Bedtime became a nightmare for them. They were finding it hard to stay awake but sleeping, also, wasn’t an option for them.
They were turning into nocturnal beings because of a minor issue, at least they thought. Oh, how they wished for just ten minutes of quietness! If only they could have that, at least for one night.
Shawn and her husband, James, were nervous, worried and stressed because Sharon, their one-year-old baby, was suddenly finding it hard to sleep at night.
Aside from her frequent but short-interval nap time during the day, she hardly blinked her eyes throughout the night and if by chance, they finally get her to sleep, it only lasted for a brief moment. Mom and dad were exhausted, and Sharon wasn’t looking like a happy baby.
At four weeks thereabout, she didn’t sleep for 18 hours on end!
James’ grandmother, Mrs Erica, a mother of 4 and umpteen grandchildren, had tried all her “ancient” baby nursing skills all to no avail.
Baby Sharon wouldn’t even close her eyes for a second. Somehow, that passed, and she finally got to sleep. Whew! And now, after a few months, she’s having trouble sleeping again. Shawn and James began looking at possible ways to help their child.
Just like with Shawn and James, you might be one of those many other parents of newborns who are finding it hard to put their little ones to sleep.
Perhaps, in search of an answer, you’ve set out on the internet and found this page. Worry not. You are not alone. It’s just a phase, and I’m here to help you with the necessary things you need to know about it.
Infants usually sleep a lot and irregularly too. They could sleep up to 18 hours during the early months. This usually happens for the most part, in the day.
Because of this tendency, you probably would have sometimes heard that infants usually mistake the day for night and vice versa.
This is true. In scientific terms, this is because the circadian timing system responsible for the regulation of sleep and the sleep-wake cycle is still undergoing development in them.
Research studies have revealed that their intense sleeping activity is associated with the advancement of their central nervous system (CNS), cognitive development, psychomotor and temperamental growth as well as their overall functioning.
At a point, this intense sleeping habit begins to degrade. So, medically, when babies start to experience a decline in their usual sleeping pattern, they are said to have a sleep regression.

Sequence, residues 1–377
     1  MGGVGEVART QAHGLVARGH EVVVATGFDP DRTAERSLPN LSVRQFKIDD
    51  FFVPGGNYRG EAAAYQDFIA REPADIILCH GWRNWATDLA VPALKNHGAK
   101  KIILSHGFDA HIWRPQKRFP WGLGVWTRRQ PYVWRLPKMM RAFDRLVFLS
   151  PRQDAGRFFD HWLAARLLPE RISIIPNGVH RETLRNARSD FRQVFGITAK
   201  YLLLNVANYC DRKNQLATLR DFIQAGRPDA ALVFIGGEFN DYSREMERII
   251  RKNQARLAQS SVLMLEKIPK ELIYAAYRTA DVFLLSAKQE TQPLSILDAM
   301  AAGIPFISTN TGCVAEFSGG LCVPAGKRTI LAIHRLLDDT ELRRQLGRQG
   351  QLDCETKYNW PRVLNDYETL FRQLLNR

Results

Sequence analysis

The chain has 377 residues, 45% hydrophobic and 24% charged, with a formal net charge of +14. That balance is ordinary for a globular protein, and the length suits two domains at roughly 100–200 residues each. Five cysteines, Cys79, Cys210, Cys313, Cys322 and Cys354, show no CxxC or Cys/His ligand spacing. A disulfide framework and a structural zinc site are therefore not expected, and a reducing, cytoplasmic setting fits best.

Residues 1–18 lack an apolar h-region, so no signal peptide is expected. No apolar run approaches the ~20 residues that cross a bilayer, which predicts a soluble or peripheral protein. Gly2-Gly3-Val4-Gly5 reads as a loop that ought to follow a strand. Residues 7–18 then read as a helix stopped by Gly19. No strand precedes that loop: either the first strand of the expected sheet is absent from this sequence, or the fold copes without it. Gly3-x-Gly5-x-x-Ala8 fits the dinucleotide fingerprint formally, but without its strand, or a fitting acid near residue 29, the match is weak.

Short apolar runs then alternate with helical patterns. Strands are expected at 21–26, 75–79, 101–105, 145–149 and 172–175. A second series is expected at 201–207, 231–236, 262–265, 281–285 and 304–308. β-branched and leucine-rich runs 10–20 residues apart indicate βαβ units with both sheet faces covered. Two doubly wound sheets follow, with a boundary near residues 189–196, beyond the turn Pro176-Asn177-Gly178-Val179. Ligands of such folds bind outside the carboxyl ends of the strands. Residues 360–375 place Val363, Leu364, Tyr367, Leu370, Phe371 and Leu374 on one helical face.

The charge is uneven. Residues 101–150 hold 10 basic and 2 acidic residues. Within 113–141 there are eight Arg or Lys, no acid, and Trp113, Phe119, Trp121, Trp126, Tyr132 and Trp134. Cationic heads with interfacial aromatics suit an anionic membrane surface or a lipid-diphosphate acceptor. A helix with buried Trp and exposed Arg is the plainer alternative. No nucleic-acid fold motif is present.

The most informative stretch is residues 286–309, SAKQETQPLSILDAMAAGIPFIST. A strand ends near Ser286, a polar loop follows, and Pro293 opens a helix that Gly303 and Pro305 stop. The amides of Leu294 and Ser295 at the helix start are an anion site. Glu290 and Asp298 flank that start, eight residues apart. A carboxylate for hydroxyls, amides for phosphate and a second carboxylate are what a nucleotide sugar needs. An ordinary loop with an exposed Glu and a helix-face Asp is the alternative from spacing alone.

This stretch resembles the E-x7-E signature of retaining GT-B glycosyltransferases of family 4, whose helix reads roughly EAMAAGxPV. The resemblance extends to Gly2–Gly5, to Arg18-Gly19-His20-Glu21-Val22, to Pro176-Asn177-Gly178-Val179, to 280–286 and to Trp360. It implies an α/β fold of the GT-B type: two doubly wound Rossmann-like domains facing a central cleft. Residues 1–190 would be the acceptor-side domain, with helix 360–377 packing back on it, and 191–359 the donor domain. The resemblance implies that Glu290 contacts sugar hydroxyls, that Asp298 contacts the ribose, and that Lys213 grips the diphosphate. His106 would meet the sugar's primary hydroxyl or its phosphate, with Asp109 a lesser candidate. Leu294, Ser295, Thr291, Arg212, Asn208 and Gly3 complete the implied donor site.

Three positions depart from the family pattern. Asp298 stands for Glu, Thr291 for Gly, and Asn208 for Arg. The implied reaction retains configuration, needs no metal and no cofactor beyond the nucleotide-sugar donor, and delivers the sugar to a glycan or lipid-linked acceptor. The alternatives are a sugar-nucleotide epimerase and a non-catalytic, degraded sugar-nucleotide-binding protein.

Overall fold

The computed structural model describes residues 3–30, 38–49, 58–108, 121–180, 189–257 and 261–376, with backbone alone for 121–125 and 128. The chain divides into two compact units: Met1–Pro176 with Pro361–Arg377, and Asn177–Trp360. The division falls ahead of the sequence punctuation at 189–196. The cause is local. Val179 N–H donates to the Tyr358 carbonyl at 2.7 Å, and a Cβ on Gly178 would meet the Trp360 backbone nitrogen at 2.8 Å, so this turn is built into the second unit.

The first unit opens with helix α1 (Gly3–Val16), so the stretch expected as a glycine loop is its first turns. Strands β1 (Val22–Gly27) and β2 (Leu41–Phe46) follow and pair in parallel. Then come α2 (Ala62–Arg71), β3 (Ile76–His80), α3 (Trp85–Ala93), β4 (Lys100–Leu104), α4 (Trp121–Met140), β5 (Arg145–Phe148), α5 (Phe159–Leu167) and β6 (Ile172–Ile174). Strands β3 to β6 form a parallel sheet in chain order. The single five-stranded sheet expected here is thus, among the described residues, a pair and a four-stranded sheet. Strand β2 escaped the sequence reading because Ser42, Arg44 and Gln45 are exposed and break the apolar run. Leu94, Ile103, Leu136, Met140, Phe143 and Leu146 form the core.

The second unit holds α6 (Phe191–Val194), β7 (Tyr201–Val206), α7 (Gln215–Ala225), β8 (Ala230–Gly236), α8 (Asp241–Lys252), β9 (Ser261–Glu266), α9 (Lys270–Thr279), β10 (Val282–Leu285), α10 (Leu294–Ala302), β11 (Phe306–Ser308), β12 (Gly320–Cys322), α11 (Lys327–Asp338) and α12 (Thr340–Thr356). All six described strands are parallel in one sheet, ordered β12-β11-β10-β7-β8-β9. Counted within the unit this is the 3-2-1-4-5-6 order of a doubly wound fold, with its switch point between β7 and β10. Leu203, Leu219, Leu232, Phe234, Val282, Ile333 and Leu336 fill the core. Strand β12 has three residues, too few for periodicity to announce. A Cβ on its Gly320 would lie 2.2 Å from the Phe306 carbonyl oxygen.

Sleep regression is that time when your baby’s sleep pattern changes/shifts. At some point, you might notice that your baby who sleeps well on a norm is now having trouble sleeping. Weird, right?
It’s the effect of sleep regression. At this time, your baby wakes up at night and finds it hard to go back to bed. It is an entirely normal phase and would go with time and consistent routines.
Your baby might be picking up new habits, skills or might be trying to adjust to the environment, so her body is trying to manoeuvre its way through it.
It occurs at different times during a baby’s development and is usually marked during the first year of life as it is this time that their brains undergo the most dramatic changes.
The sleeping pattern in infants is highly variable, and as a result, not every baby will experience a sleep regression within the same timeline.
It is helpful to think of your baby’s sleep regression as a road bump with more road bumps during the early months and lesser bumps as they grow older. Of course, these bump experiences aren’t pleasant. However, they are periods of reasonable concern.
During the first four months, sleep regression may occur due to changes in their sleeping styles. At this time, newborns sleep actively and are said to have a Rapid Eye Movement (REM) sleep for fifty per cent of their total sleep time.
This is essential for brain maturation and cognitive development. However, somewhere between 5 to 24 months, changes in their sleeping pattern are often a result of their physical, mental and social development.
It is a trend in 12-month olds to experience some set back to their sleeping routine no matter how great a sleeper they were previously. Ideally, it is expected that as infants grow, their total sleeping time decrease while their sleeping periods increase.
At 12 months, babies often sleep a total of 11-14 hours and on the average, observe a sleep period of 8-9 hours. Given this, it is safe to anticipate fewer naps during the day and “sleep-through” nights, but it doesn’t always happen that way.
The 12-month sleep regression usually occurs towards the baby’s first birthday, but some children begin to experience it around the tenth or eleventh month.
To understand more about sleep regression, it is good you know what causes it. It is difficult to say for sure the exact cause of a 12-month sleep regression bearing the wide range of development one-year-olds experience.
However, pediatric sleep consultants and sleep experts often attribute 12-month sleeping regression to;
- Cognitive and behavioural development, often associated with separation anxiety.
- Psychomotor development, as expressed through hyperactivity/restlessness.
- Teething and related pains and discomfort.
- Change in sleep patterns, sleep schedule or sleep training.
- REM sleep.
Here’s a little information about REM sleep
Infants, two months and older, usually experience rapid eye movement or active sleeping. This is essential for brain development.
The first year of life is a time of substantial change in the development of both the human brain and sleep; a critical process where the development of the CNS (Central Nervous System) feeds off how well a baby sleeps.
During REM sleep in babies, as opposed to adults, their skeletal muscles are not paralyzed. And so sucking, slight twitches, grunts, cries, tremors, grimaces, smiles and limb movements may be made while your baby is asleep!
So it appears that you are probably interrupting your child’s sleep when they grunt or cry over the night.
Next time your 1-year-old wakes up at night crying, I recommend you hesitate a little. A waiting time between three and five minutes will be sufficient.
This would help you ascertain whether they need you to help out or they are just transitioning between sleep cycles.
Studies have shown the relationship between teething and sleep. Let’s see more on that.
Teething and Sleep
Infants often grow their teeth over an average period of 3 years. It often happens in intervals, and as many as four teeth could erupt all at once!